The Saturday People: self-titled

Patrick Schabe

The Saturday People

The Saturday People

Label: Foxyboy
US Release Date: 2003-04-15
UK Release Date: 2003-03-31

You can find any number of bands out there working in the indie pop vein who seek to revive the music of the past, be it full-fledged psychedelia, Beatles sound-alikes, or '70s power pop. The worst of these acts simply dip their pens into the well of retro sounds and reproduce it in artless acts of imitation. The best use sounds that have become classic but find their own inspiration and craft their own personality out of familiar territory. Washington D.C.'s The Saturday People definitely fall into the latter category, even while they string together songs made from historical fragments.

For the Saturday People, pop's long history provides a broad palette to choose from, and the range of their sound hearkens back to the mid-'60s, certainly, but also evokes elements of '80s modern rock as well. Sure, you can pick out bits of the Beatles and the Stones, the Beach Boys and Bacharach, Strawberry Alarm Clock, the Raspberries, the Animals, etc., but it's not too many bands that can also simultaneously evoke R.E.M., traces of Joy Division and early incarnations of the Cure.

Of course, the members of the Saturday People are no strangers to the indie scene or pop and rock music. This debut album was produced by bassist Archie Moore, formerly of Velocity Girl, and is co-fronted by guitarists Terry Banks and Greg Pavlovcak, of Tree Fort Angst and the Castaway Stones respectively, while the drums come courtesy of Dan Searing of the Ropers. This supergroup-of-sorts combination brings a high degree of versatility to the Saturday People, resulting in an album of sometimes precious, sometimes pretty and sometimes dense tunes.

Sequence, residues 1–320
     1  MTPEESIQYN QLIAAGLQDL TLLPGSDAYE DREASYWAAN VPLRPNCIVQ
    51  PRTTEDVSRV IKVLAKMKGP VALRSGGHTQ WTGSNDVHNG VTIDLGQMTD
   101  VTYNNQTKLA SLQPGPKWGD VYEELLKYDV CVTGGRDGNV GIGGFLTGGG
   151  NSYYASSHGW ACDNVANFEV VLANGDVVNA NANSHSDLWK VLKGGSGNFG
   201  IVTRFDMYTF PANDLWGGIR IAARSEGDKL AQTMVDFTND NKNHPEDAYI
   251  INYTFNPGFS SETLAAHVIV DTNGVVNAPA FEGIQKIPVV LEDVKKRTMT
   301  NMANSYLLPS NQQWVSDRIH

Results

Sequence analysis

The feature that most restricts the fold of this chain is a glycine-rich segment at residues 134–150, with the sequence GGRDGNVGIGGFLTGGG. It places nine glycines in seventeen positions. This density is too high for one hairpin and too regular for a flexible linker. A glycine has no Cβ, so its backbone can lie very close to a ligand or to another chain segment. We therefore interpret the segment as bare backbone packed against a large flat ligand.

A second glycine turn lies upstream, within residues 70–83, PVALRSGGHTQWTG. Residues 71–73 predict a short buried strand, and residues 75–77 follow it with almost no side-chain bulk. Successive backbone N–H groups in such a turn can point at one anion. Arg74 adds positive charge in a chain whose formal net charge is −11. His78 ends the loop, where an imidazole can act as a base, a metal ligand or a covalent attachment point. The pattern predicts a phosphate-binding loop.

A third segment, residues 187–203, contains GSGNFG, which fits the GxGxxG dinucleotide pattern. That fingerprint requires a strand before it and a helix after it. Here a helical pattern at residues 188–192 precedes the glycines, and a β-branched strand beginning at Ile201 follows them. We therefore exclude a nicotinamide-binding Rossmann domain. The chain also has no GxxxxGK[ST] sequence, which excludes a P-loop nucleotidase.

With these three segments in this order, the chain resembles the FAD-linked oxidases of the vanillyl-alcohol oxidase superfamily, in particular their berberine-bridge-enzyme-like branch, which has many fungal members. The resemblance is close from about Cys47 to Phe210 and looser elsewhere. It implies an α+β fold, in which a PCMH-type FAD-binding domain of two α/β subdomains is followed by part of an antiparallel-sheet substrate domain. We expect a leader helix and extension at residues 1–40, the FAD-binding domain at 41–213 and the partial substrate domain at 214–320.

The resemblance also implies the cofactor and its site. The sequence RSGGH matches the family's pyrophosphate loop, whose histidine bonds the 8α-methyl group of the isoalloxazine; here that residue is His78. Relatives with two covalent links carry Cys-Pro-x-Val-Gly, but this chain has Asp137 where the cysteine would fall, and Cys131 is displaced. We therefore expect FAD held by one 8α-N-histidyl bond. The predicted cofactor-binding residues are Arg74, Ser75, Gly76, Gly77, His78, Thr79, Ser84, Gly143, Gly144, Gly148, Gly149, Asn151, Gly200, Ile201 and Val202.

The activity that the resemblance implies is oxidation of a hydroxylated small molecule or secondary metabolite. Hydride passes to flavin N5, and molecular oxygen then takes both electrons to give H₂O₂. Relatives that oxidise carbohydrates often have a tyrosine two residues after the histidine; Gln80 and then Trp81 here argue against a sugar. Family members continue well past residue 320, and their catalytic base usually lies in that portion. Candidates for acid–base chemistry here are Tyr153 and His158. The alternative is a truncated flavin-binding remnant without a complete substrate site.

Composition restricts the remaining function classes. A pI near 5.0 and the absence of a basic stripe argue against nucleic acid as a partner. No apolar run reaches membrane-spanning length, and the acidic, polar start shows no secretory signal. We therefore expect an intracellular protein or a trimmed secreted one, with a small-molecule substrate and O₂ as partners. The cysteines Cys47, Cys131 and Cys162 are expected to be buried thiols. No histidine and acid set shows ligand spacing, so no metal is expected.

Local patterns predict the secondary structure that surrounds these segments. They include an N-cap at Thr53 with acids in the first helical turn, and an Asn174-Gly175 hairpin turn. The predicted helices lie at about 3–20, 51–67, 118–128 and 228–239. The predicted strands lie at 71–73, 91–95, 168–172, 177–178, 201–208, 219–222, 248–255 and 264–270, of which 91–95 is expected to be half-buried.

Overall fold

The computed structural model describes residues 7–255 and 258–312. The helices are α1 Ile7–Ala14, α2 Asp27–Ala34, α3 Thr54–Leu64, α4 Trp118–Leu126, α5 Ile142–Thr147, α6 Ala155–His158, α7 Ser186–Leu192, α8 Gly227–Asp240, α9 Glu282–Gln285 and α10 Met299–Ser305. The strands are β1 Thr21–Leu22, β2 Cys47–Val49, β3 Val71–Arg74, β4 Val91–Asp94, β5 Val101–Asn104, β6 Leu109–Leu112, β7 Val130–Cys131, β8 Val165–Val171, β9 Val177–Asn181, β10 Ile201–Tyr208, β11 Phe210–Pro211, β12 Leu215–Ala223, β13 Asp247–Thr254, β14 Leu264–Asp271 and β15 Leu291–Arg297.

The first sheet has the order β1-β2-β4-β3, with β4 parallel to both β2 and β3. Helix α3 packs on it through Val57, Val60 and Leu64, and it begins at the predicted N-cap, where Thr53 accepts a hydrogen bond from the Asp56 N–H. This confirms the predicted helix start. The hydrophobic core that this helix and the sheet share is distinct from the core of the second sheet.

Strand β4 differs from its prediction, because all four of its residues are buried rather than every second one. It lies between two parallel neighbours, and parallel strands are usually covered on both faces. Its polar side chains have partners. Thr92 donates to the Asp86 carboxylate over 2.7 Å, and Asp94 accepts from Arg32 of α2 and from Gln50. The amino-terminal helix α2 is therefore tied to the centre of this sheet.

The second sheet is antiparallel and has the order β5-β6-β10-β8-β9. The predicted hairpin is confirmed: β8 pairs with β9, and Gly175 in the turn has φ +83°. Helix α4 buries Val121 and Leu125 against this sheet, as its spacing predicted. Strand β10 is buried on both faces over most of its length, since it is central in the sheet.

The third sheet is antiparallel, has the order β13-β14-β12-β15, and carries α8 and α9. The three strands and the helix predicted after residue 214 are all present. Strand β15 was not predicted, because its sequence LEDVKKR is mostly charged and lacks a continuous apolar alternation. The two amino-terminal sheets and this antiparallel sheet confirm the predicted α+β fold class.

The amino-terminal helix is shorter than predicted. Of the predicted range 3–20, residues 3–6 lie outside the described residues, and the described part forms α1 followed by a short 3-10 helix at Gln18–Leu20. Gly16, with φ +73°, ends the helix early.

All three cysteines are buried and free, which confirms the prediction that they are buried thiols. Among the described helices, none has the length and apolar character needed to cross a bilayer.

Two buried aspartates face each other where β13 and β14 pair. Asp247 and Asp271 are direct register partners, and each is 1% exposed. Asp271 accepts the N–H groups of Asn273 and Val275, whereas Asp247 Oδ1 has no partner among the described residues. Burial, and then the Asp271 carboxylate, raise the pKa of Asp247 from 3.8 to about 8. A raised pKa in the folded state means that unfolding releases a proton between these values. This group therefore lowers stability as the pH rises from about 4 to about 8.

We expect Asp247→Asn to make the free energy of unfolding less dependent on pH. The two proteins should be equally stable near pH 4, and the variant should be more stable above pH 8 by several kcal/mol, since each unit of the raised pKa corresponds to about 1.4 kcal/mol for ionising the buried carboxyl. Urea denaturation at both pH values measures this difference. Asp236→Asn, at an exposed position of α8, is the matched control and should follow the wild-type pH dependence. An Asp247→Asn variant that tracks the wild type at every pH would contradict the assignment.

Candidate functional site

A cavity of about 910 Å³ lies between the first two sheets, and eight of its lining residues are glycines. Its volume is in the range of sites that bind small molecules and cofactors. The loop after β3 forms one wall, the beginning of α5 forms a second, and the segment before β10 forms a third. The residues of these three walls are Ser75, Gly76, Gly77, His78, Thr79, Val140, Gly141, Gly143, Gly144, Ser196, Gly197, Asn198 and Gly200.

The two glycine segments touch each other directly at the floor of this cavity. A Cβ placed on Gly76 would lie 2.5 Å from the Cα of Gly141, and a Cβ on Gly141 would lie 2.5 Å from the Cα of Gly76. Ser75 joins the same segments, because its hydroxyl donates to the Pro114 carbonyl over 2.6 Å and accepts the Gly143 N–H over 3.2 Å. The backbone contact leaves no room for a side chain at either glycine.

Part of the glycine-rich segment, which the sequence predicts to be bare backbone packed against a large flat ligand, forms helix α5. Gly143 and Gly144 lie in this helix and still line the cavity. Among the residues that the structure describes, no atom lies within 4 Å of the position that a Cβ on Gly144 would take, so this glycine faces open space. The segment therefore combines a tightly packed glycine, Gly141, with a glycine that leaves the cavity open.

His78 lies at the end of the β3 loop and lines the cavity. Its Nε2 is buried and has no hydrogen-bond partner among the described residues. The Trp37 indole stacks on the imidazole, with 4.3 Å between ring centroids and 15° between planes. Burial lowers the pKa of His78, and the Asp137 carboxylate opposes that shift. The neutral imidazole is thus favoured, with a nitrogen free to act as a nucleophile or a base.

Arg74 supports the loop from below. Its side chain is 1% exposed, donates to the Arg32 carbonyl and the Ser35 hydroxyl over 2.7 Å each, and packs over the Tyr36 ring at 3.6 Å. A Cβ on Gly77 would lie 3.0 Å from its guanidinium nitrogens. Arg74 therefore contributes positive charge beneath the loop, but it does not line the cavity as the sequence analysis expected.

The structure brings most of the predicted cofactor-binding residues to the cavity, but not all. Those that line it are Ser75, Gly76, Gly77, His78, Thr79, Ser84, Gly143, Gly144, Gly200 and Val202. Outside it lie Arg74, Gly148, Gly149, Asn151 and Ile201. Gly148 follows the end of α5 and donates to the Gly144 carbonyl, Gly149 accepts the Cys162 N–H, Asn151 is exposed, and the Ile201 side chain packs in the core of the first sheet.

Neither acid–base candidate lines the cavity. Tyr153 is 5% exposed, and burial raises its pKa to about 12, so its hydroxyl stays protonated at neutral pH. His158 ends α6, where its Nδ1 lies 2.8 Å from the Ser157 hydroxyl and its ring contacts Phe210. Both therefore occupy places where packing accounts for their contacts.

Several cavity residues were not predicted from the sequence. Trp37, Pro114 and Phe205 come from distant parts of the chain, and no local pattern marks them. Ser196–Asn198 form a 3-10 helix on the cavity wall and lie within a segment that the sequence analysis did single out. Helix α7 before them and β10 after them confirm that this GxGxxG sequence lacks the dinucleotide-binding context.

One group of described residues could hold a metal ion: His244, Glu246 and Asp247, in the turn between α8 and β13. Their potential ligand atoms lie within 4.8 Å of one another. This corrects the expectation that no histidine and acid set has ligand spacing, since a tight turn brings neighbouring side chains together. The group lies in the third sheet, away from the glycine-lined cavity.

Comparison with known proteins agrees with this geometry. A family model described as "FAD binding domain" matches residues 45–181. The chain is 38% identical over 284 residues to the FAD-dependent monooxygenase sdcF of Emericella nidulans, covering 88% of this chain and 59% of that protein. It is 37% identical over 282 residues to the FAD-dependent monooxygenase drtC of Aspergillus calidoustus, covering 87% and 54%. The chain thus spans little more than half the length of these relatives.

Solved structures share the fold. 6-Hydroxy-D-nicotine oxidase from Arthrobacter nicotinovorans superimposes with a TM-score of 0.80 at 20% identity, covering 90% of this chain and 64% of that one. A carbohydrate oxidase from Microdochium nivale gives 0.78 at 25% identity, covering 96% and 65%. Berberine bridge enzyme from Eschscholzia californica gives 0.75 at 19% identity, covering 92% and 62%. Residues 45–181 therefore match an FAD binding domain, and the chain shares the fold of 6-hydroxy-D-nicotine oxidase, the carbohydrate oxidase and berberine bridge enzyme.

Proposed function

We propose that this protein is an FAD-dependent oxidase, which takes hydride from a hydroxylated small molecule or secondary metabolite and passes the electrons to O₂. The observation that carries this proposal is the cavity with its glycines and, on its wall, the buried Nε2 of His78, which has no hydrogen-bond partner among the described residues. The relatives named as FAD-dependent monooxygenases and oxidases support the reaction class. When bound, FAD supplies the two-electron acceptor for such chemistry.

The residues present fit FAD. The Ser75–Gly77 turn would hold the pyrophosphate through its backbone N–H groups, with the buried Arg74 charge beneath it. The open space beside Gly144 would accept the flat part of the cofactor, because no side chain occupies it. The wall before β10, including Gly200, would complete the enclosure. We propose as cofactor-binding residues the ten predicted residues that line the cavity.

On the surface there's a breezy sort of ease that makes everything seem overtly simple, but when you delve into the musicality of this disc you really begin to understand and marvel at the level of detail that goes into the Saturday People. Banks and Pavlovcak's guitars have a low-fi, twitchy sound that recalls the original surf rock era as well as British Invasion Rickenbackers, yet also mirrors mid-'90s indie rock in the vein of the Chapel Hill crowd. Moore's bass is a rumbling presence on this album, at times even more prominent than the garage-sound of the guitars, and really holds the album together. Searing's drums are also remarkable in that they serve their basic task of keeping the rhythm, but range from a Ringo-like light touch on the peppy guitar-pop tracks to booming force on the brief moments of power like "California Girls" (not the Beach Boys tune).

And then there are the keyboards. The classic Farfisa organ sound is the first thing that grabs your attention while listening to the Saturday People. As well as producing the record, bassist Moore takes on triple duty as the band's keyboard player, running up and down the Farfisa, with occasional assistance from a Moog. The keys lend the slightly psychedelic carnival sound that ties the band's links between the past and the present together. With Moore acting as producer, it's no great wonder that the bass and the keyboards stand out in these tracks, but it gives the Saturday People a timeless quality that works to great effect.